Tag Archives: Binoculars

International Bat Night 2018

International Bat Night is already 22 years old. On the night of 25 to 26 of August, it unites all bat observers. With big events bat experts, nature conservationists and interested people celebrate the only flying mammal in more than 35 participating countries.

Now is the best time to observe bats individually or along with many other enthusiasts from all around the globe. Michaela Sulz is fascinated about the beauties of the night. Her current story tells you about some interesting myths of this impressive creatures.

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Meet our nature expert at Birdfair 2018

There is a close connection between our wildlife expert and filmmaker Simon King and the nature. Since many years he relies on ZEISS optics to observe the finest details out in the field as bright and clear as possible. His Dialyt optics have served him well for many many years.

Nowadays he uses our Victory SF and Harpia gear. For Simon, the knowledge about nature creates the conditions for an effective protection of our nature as well as our entire world. Learn more about his wildlife experiences in this story and visit Simon King live at this year's Birdfair.

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Meet our nature expert at Birdfair 2018

The professional naturalist, tv presenter and author Nick Baker never stops exploring the beauty of wildlife. He takes us on a little journey and tells us how to experience special moments outdoors.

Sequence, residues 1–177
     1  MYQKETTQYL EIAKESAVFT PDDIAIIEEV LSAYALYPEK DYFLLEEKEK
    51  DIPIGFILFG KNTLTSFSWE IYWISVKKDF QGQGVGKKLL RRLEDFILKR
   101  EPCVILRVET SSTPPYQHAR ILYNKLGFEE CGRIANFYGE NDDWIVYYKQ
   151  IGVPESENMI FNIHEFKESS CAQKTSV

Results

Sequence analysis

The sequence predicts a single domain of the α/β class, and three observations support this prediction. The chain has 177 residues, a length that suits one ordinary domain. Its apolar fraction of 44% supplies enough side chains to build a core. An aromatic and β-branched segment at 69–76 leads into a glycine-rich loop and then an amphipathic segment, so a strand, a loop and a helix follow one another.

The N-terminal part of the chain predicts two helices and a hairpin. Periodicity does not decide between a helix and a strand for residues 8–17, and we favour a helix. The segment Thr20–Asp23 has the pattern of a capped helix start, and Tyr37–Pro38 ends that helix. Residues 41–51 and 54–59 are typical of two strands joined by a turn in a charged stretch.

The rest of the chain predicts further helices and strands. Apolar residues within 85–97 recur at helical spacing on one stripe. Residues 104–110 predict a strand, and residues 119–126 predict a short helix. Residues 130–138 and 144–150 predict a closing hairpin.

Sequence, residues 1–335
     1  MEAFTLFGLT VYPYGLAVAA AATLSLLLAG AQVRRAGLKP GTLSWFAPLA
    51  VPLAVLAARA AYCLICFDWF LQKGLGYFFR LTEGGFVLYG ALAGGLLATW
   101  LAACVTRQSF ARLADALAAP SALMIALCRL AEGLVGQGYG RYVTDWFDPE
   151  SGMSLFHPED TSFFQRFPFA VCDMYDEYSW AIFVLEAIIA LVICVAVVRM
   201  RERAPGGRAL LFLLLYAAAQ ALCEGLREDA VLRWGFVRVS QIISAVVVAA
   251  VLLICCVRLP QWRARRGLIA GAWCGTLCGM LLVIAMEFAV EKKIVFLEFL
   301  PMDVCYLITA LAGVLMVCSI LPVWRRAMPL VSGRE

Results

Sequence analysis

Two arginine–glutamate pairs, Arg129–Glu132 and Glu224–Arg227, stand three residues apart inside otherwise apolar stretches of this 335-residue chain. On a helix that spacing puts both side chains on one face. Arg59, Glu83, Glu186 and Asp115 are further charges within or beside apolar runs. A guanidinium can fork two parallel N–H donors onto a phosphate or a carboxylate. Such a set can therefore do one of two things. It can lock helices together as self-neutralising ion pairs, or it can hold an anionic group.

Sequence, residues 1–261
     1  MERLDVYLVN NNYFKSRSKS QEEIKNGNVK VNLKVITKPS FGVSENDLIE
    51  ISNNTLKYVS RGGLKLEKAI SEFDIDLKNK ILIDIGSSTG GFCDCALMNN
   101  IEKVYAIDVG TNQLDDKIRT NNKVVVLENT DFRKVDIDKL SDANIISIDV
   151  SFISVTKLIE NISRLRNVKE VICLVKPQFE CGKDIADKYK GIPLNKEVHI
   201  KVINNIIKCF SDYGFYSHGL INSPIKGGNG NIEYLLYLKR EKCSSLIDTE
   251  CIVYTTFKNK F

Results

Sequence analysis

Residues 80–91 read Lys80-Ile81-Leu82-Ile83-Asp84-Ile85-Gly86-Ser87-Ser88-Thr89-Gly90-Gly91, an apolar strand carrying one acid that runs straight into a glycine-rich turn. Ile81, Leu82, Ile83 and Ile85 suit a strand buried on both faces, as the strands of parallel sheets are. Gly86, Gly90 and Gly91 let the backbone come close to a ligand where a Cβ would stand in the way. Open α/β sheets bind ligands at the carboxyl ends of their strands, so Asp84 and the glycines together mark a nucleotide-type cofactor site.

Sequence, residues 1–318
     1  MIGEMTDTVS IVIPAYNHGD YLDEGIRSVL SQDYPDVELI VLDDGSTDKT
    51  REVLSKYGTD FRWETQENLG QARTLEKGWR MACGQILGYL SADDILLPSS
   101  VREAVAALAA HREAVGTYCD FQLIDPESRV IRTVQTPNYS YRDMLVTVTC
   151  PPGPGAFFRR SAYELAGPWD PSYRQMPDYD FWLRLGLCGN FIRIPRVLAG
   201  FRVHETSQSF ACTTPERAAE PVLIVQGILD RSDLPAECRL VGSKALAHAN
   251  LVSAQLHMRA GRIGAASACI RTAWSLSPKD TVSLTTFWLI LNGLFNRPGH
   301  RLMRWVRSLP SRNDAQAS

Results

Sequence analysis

He opens his mind and eyes to observe birds or insects in completely new dimensions. All it takes are a pair of binoculars and a great deal of curiosity. Follow Nick and visit him at this year's Birdfair.

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Review by David Fisher

Nature observers love our premium binocular Victory SF for many reasons. In his review, the professional birder David Fisher tells you about his personal experiences with our top line bino.

Join our passionate birding expert on his little discovery tour and learn how the Victory SF performs in different situations outside in nature. You will see: The ZEISS Victory SF is always a reliable companion.

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Plus ideas for games kids can play on nature trips

Sometimes our kids are not so interested in walks that they forget to look at what’s around them. Just because their parents love birdwatching and soaking up nature doesn’t mean they feel the same way, and sometimes they come right out and say that birding is boring!

Their mood only improves when the first hare scampers across the path or they get a glimpse of a roe deer. Yet when they were small, birds were still an important part of their lives. They could tell the difference between a Eurasian blue tit, a blackbird, and a robin almost before they learned to talk.

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Beauty of Nature in southern France

There are locations in Europe where a nature observer can be almost overwhelmed by the diversity of the natural world. Where one fascinating creature after another appears and you can’t resist lifting your binoculars to identify it, to admire it, and to understand its behaviour. The Languedoc of southern France is one such place.